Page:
As Germany issues 30-year bonds at a negative yield, a world of interest rates below zero is becoming normal. Welcome to the as-yet-unheralded deflation era.
The big news last week was the German 30-year Bund auction at an historic yield of minus 0.11%. Investors, though, were only willing to buy less-than-half of the €2 billion bonds on offer. Nevertheless, the fact that a sovereign government was able to issue 30-year debt at a negative yield was lauded by many, including U.S. President Trump. The President wrote, "So Germany is paying Zero interest and is actually being paid to borrow money, while the U.S., a far stronger and more important credit, is paying interest..."
That comment is extremely interesting when put in context of a recent article by Dr. Thorsten Polleit (here) in which he lambasts the European Central Bank's policy of negative interest rates. Although he points out that the new theory of the natural rate of interest being negative is wrong, he says,
"...it is highly attractive to the state and those groups closely associated with it because if the central bank forces interest rates into negative territory, running into debt becomes a profitable business, and financially ailing states and banks can reduce their debt burden at the expense of creditors."
Bingo. What better way to get rid of your massive debt pile -- get other people to pay it off. The problem is, that disincentivizes the private sector from economic growth.
Dr. Polleit's argument is that central banks manipulate interest rates throughout the yield curve. Although we disagree with that, instead taking the view that bond yields are driven by herding behavior, the effects of negative interest rates throughout the yield curve are the same. The article raises an interesting question about credit rationing. If governments and corporates can borrow money at negative rates, then surely everyone will be clambering over themselves to borrow money, creating a massive supply of credit. Dr. Polleit says that the ECB will have to ration credit and decide who gets to borrow. Which governments or corporates or banks will get to borrow? What is the criteria for deciding? An Orwellian vision is painted where "the monetary policy of zero and negative interest rates -- if it is consistently thought through -- leads to the demise of (what little is left of) the free society as we know it in the Western world." Heady stuff.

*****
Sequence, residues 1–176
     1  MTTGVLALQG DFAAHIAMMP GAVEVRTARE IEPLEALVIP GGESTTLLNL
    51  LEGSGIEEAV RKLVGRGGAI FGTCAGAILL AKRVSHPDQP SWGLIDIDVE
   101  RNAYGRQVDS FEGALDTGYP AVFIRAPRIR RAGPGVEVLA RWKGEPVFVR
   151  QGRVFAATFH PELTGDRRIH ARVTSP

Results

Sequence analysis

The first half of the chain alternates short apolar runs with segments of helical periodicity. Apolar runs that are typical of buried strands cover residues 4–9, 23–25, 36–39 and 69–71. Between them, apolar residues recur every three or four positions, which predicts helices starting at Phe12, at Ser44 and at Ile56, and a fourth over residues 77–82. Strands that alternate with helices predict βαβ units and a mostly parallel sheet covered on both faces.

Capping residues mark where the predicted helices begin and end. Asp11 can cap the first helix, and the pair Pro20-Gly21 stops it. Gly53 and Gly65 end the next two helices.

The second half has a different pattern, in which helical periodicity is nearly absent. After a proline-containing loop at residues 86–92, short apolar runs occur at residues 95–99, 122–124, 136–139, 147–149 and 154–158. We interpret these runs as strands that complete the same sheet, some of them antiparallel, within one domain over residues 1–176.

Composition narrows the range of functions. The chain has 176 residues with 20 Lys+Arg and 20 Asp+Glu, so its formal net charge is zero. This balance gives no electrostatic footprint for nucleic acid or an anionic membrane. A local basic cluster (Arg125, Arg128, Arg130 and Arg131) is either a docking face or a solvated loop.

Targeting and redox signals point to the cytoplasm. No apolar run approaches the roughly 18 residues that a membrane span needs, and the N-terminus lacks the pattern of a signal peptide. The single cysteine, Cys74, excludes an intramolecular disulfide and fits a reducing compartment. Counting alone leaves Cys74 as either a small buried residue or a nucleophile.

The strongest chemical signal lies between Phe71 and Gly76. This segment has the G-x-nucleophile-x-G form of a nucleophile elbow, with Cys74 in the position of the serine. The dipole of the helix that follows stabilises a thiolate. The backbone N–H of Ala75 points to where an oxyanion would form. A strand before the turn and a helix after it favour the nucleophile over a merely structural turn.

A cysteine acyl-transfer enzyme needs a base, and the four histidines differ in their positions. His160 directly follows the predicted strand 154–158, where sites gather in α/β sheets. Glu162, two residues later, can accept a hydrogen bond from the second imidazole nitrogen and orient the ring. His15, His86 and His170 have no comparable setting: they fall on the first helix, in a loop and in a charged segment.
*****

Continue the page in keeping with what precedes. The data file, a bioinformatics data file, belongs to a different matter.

The article suggests that negative interest rates create a massive speculative bubble which is eventually burst in a destructive debt deflation. That is possible but the evidence from Japan suggests otherwise, where rates have been zero or negative for decades and yet no bubble has manifested. Perhaps more apt is Larry Summers idea of "Black Hole" monetary policy where, when rates go to zero or negative, the energy required to sustain the private sector economy can't get out.
One thing is for sure. The gargantuan amount of debt in the world cannot be sustained and will be deflated in the future. Whether that process is a violent, existential moment or a slow deflationary process lasting decades remains to be seen.